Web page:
Emperor Kammu : biography
Eras of Kammu's reign
The years of Kammu's reign are more specifically identified by more than one era name (nengō).
- Ten'ō (781–82)
- Enryaku (782–806)
Earlier Imperial sponsorship of Buddhism, beginning with Prince Shōtoku (574–622), had led to a general politicization of the clergy, along with an increase in intrigue and corruption. In 784 Kammu shifted his capital from Nara to Nagaoka-kyō in a move that was said to be designed to edge the powerful Nara Buddhist establishments out of state politics—while the capital moved, the major Buddhist temples, and their officials, stayed put. Indeed there was a steady stream of edicts issued from 771 right through the period of Kūkai's studies which, for instance, sought to limit the number of Buddhist priests, and the building of temples. However the move was to prove disastrous and was followed by a series of natural disasters including the flooding of half the city. In 785 the principal architect of the new capital, and royal favourite, Fujiwara no Tanetsugu, was assassinated.
Meanwhile, Kammu's armies were pushing back the boundaries of his empire. This led to an uprising, and in 789 a substantial defeat for Kammu's troops. Also in 789 there was a severe drought and famine—the streets of the capital were clogged with the sick, and people avoiding being drafted into the military, or into forced labour. Many disguised themselves as Buddhist priests for the same reason. Then in 794 Kammu suddenly shifted the capital again, this time to Heian-kyō, which is modern day Kyoto. The new capital was started early the previous year, but the change was abrupt and led to even more confusion amongst the populace.
Politically Kammu shored up his rule by changing the syllabus of the university. Confucian ideology still provided the raison d'être for the Imperial government. In 784 Kammu authorised the teaching of a new course based on the Spring and Autumn Annals based on two newly imported commentaries: Kung-yang and Ku-liang. These commentaries used political rhetoric to promote a state in which the Emperor, as "Son of Heaven," should extend his sphere of influence to barbarous lands, thereby gladdening the people. In 798 the two commentaries became required reading at the government university.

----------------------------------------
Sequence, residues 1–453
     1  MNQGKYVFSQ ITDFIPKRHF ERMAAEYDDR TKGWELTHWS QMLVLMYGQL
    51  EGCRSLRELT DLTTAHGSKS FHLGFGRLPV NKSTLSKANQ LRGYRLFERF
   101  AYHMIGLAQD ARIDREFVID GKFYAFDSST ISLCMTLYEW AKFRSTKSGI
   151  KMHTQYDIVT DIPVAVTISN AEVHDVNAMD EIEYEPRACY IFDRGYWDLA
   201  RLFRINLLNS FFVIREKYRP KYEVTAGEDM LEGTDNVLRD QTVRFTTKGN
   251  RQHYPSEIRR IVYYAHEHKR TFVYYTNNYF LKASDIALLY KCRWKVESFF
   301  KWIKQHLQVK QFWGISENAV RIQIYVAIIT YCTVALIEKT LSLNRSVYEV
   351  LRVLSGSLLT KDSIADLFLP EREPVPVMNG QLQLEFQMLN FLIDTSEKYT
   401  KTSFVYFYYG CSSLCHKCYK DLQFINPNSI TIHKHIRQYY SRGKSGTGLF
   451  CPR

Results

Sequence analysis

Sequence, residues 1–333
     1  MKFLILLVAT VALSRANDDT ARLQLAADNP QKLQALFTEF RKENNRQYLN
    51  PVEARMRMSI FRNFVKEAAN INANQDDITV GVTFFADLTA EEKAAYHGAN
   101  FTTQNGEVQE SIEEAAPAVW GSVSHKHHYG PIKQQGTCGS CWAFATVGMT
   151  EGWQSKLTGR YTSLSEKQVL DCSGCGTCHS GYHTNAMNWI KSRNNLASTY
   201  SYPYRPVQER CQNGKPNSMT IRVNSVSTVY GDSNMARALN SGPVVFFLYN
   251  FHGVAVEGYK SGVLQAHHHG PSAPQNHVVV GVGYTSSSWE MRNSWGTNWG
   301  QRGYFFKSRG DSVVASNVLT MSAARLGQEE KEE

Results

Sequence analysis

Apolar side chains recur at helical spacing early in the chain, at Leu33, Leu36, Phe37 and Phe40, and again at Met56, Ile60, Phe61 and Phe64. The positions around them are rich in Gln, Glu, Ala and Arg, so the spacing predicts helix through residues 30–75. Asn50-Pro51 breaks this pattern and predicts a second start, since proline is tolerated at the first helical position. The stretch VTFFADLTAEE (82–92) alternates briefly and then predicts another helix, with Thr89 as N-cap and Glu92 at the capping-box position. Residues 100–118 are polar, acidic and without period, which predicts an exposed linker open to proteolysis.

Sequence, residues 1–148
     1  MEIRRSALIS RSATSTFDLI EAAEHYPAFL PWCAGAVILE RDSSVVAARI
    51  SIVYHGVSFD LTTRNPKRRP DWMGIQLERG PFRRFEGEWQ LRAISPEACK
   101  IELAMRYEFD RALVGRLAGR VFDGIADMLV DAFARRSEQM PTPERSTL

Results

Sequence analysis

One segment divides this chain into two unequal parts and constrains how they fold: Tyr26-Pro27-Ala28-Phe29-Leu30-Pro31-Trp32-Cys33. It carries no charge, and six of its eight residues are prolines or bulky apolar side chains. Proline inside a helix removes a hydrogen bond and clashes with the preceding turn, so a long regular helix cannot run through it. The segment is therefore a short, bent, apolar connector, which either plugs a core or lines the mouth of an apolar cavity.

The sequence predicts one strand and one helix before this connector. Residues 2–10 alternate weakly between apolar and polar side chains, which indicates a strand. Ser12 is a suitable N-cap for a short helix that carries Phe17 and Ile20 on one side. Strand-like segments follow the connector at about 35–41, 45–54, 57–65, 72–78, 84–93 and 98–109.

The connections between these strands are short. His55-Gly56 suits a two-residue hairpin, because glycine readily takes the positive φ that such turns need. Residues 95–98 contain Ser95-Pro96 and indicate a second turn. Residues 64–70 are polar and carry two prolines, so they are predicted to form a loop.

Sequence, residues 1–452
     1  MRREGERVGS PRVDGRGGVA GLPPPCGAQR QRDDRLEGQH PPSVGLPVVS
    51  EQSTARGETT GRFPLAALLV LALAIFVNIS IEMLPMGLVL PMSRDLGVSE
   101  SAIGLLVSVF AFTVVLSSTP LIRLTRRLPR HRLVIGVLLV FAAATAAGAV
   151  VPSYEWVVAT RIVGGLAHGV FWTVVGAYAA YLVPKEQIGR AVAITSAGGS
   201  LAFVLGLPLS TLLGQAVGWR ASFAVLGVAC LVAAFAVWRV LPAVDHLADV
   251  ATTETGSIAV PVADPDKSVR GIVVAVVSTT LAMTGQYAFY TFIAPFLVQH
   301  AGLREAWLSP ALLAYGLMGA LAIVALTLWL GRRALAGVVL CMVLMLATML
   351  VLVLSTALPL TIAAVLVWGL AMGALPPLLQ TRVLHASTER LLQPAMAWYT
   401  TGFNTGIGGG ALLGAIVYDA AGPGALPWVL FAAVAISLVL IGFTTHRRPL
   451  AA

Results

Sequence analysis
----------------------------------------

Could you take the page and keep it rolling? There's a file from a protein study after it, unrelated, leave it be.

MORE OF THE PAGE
Kammu also sponsored the travels of the monks Saichō and Kūkai to China, from where they returned to found the Japanese branches of, respectively, Tendai and Shingon Buddhism.
is a collective term for the very few most powerful men attached to the court of the Emperor of Japan in pre-Meiji eras.
In general, this elite group included only three to four men at a time. These were hereditary courtiers whose experience and background would have brought them to the pinnacle of a life's career. During Kammu's reign, this apex of the Daijō-kan included:
- Sadaijin, Fujiwara no Uona (藤原魚名), 781–782.
- Sadaijin, Fujiwara no Tamaro (藤原田麿), 783.
- Udaijin, Ōnakatomi no Kiyomaro (大中臣清麿), 771–781
- Udaijin, Fujiwara no Tamaro (藤原田麿), 782–783.
- Udaijin, Fujiwara no Korekimi (藤原是公), 783–789.
- Udaijin, Fujiwara no Tsuginawa (藤原継縄),790–796.
- Udaijin, Miwa ōkimi or Miwa oh (神王), 798–806
- Udaijin, Fujiwara no Uchimaro (藤原内麻呂) (756–812), 806–812.
When the daughter of a chūnagon became the favored consort of the Crown Prince Ate (later known as Heizei-tennō), her father's power and position in court was affected. Kammu disapproved of , daughter of Fujiwara no Tadanushi; and Kammu had her removed from his son's household.Ponsonby-Fane, p. 318.
- Chūnagon, Fujiwara no Tadanushi
Consorts and children
Emperor Kammu's Imperial family included 36 children.Ponsonby-Fane, p. 62.
His Empress was Fujiwara no Otomuro (藤原乙牟漏) (760–790), daughter of Fujiwara no Yoshitsugu (藤原良継)
In countries which are located near sea coasts, sea food is an important part of national cuisine